We’ve posted a lot of excerpts from Warren’s Sketchbook here on An Artist Who Thinks He Can Write. This week we’ve decided to share the introduction with you. Please enjoy.
SKETCH BOOK INTRODUCTION
I draw to see, to explain my visual world, to remember the place, the event. I need to express the feelings I witness. My world is a kaleidoscope of images that stirs my imagination and from this I abstract my drawings. Time stands still when I draw and I am lost in the experience.
In this book, all of the drawings are created with an ink pen. The single ink line has been executed with purpose and intent. There’s no going back, no erasing. This way the viewer is seeing the simple shape, simple statement. The book is a collection of drawings I have selected. They represent a short period of time, with a variety of different types of emotions, events and ideas. They range from line work drawn during holiday travels – to pure whimsical doodles – to value drawings of abstract figures.
Continuation of Shaman, by Warren Cullar. Nonfiction.
A tribesman in Amazonia cooking curare, the poison used on blowguns.
Our contact with the natives was a visit to three different villages. The first village was under government control, with government housing: basic, one-room concrete structures where the natives were wearing western clothing. I was able to buy a bow with three arrows from a young man. The second village was a long drive, then a hike on a path through the tall grass into a village. When we were spotted, all the women disappeared into their square huts, some covering their breasts. With patience we were slowly recognized as calm people bringing gifts. We placed mirrors at the entrance to each hut and gave fishing line and hooks to the men. We walked through the village of thatched huts, observing the people. One man was outside of his hut, sitting in his hammock, stirring an old cast iron pot. His two young sons stood behind him. The hard packed earth was home and necessities were modest: A hut, a hammock, a blowgun, a cooking pot and a machete. When they needed food, they went into the jungle, found it, and then relaxed until the need to find food again was apparent. The expression on the man’s face making his dart poison was peaceful, relaxed, yet he was somewhat bothered by these white strangers.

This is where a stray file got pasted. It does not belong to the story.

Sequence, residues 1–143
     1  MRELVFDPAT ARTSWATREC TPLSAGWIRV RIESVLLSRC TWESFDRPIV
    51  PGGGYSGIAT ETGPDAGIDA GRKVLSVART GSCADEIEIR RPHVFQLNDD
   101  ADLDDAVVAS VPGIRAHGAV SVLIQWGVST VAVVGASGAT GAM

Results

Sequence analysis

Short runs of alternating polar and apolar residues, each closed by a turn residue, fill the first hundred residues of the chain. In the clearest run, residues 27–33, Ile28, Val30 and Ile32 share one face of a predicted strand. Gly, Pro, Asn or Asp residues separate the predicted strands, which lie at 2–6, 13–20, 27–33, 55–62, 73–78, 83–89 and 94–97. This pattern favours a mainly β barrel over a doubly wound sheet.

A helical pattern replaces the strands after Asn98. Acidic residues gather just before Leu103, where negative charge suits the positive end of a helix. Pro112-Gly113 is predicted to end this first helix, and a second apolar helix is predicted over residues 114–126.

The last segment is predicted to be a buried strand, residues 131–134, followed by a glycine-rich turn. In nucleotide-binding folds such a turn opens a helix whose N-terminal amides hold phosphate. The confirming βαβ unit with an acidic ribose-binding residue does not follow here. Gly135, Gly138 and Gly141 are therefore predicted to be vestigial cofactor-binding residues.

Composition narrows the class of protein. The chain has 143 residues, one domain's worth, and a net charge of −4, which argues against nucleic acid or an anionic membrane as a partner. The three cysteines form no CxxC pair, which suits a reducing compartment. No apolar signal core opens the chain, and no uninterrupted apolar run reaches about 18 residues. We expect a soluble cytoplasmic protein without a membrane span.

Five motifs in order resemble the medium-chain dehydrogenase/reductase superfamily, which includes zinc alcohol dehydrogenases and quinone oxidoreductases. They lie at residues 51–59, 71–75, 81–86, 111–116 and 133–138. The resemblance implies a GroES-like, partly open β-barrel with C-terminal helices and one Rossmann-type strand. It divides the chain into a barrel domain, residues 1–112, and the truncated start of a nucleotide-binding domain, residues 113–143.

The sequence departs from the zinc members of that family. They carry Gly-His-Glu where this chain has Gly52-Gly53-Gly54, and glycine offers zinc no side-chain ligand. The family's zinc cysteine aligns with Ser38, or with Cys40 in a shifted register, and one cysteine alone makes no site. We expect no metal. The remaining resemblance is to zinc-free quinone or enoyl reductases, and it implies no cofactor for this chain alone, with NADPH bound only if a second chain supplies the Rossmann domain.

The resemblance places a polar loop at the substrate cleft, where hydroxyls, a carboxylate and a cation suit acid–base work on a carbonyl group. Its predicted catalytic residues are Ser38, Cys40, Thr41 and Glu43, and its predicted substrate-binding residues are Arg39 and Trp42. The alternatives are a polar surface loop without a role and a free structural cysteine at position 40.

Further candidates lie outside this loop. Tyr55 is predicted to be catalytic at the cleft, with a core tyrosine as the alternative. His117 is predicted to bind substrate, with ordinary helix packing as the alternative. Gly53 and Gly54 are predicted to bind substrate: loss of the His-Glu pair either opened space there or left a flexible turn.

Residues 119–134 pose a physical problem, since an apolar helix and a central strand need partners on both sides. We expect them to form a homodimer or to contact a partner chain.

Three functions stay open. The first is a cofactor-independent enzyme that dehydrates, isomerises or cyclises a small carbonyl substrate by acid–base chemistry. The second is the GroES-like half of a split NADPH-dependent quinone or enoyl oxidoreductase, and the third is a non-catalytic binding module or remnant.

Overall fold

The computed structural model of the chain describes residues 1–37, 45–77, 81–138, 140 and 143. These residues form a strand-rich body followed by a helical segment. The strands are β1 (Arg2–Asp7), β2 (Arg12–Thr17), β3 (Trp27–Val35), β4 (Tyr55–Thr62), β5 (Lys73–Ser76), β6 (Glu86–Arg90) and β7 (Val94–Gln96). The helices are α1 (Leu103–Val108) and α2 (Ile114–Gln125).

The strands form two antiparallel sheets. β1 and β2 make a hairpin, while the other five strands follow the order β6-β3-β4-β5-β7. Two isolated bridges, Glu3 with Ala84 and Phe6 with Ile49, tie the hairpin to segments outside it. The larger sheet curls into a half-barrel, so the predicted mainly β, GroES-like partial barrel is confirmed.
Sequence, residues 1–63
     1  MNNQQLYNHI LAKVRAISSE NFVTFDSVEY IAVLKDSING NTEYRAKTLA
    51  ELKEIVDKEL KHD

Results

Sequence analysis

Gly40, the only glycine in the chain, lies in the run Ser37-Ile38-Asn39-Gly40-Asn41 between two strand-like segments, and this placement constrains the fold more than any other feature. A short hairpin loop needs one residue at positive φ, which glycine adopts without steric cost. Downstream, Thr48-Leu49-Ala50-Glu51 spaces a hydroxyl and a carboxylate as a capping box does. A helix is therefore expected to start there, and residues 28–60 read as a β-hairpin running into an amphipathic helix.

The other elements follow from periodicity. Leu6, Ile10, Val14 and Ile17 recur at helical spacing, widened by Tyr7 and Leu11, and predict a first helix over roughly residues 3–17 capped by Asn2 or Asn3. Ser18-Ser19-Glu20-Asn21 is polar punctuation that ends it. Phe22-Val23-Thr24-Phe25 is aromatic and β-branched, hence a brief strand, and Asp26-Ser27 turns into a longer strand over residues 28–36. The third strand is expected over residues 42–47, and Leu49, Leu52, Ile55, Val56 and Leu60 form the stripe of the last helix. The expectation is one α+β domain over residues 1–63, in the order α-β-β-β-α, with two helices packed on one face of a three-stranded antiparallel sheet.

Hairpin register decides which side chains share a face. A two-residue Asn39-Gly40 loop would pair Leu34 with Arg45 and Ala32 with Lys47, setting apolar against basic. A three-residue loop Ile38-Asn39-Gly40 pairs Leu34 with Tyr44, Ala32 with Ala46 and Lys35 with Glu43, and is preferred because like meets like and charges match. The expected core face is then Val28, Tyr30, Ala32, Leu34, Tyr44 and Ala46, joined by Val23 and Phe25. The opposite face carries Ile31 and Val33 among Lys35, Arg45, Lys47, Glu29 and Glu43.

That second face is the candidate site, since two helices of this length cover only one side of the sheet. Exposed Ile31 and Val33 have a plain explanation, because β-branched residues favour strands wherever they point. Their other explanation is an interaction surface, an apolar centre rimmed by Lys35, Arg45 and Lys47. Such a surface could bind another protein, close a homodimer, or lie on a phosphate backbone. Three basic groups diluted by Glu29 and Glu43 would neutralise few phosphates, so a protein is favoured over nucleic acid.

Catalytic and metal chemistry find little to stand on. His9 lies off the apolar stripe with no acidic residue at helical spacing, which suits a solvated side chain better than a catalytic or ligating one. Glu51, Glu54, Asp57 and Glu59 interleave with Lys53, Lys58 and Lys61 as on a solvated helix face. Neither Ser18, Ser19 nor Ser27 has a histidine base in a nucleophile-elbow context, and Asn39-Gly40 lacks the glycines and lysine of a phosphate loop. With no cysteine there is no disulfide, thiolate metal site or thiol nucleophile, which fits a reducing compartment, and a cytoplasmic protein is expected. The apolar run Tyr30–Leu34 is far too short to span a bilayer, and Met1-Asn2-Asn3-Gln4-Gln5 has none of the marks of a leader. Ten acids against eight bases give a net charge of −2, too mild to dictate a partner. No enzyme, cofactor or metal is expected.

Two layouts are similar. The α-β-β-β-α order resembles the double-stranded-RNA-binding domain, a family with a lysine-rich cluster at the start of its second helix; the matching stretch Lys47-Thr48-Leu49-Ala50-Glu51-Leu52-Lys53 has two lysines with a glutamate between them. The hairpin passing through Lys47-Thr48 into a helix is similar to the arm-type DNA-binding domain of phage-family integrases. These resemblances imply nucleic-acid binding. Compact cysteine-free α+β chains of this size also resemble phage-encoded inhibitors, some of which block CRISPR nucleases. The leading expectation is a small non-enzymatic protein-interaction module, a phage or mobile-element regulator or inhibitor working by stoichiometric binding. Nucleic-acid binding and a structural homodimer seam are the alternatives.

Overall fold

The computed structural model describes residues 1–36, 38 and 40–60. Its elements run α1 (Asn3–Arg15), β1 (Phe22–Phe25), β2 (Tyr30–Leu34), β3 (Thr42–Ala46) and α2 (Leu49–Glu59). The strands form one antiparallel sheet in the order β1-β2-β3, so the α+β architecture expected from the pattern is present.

Jacob (left) and Warren (right) working on My Dad, Napoleon and Me.
Jacob Pousland here, Warren’s writing coach, editor, and all-around technology assistant. Warren and I have been working hard for the last few weeks editing My Dad, Napoleon and Me.
After all our hard work today’s the day: we’re sending My Dad, Napoleon and Me out to two editors and an agent who have agreed to take a look at it. If one of them likes the book we’ll be well on our way to publication. New books are usually slotted for publication a year in advance, so even when we are published it will be a while before you’ll see us on shelves, but we’re confident that My Dad, Napoleon and Me is as polished and well-written as we can make it at this time.
The following story is an excerpt from the chapter Shaman of Warren’s book My Dad, Napoleon and Me, currently in rewrite.
Location: Venezuela’s Amazonas State, 1991
Dad: “The quicker you make up your mind, the better you are.”
Mr. Hill: “You have a brain and mind of your own. USE IT, and reach your own decisions.”